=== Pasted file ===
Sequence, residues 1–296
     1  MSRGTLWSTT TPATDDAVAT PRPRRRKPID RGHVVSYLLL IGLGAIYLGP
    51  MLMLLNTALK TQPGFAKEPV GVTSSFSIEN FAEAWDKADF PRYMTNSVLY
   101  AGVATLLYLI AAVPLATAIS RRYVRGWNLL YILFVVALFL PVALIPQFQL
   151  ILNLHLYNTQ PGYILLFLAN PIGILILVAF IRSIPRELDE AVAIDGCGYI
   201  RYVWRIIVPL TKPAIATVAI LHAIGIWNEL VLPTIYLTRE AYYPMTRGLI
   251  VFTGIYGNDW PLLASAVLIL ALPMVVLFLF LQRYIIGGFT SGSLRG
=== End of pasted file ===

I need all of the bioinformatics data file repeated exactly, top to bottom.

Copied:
Sequence, residues 1–296
     1  MSRGTLWSTT TPATDDAVAT PRPRRRKPID RGHVVSYLLL IGLGAIYLGP
    51  MLMLLNTALK TQPGFAKEPV GVTSSFSIEN FAEAWDKADF PRYMTNSVLY
   101  AGVATLLYLI AAVPLATAIS RRYVRGWNLL YILFVVALFL PVALIPQFQL
   151  ILNLHLYNTQ PGYILLFLAN PIGILILVAF IRSIPRELDE AVAIDGCGYI
   201  RYVWRIIVPL TKPAIATVAI LHAIGIWNEL VLPTIYLTRE AYYPMTRGLI
   251  VFTGIYGNDW PLLASAVLIL ALPMVVLFLF LQRYIIGGFT SGSLRG